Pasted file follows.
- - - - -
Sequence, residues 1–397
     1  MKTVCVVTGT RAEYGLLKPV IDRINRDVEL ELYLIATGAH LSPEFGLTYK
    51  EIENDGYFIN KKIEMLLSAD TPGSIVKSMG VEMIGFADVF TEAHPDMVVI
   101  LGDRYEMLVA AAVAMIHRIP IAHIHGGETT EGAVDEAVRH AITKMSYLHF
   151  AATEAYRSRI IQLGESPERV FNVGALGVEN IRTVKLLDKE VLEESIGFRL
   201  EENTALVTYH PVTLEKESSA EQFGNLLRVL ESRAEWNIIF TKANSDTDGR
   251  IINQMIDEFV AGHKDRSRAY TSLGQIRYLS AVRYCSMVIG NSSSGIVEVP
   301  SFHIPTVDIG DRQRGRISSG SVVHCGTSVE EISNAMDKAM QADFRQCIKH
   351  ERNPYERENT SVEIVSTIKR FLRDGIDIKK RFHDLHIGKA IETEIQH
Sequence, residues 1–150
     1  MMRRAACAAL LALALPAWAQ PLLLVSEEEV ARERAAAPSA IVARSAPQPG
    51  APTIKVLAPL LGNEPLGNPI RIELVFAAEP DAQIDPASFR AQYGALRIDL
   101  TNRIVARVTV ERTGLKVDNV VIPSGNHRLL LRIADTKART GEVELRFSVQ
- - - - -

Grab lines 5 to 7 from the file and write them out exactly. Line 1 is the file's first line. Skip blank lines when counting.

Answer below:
   151  AATEAYRSRI IQLGESPERV FNVGALGVEN IRTVKLLDKE VLEESIGFRL
   201  EENTALVTYH PVTLEKESSA EQFGNLLRVL ESRAEWNIIF TKANSDTDGR
   251  IINQMIDEFV AGHKDRSRAY TSLGQIRYLS AVRYCSMVIG NSSSGIVEVP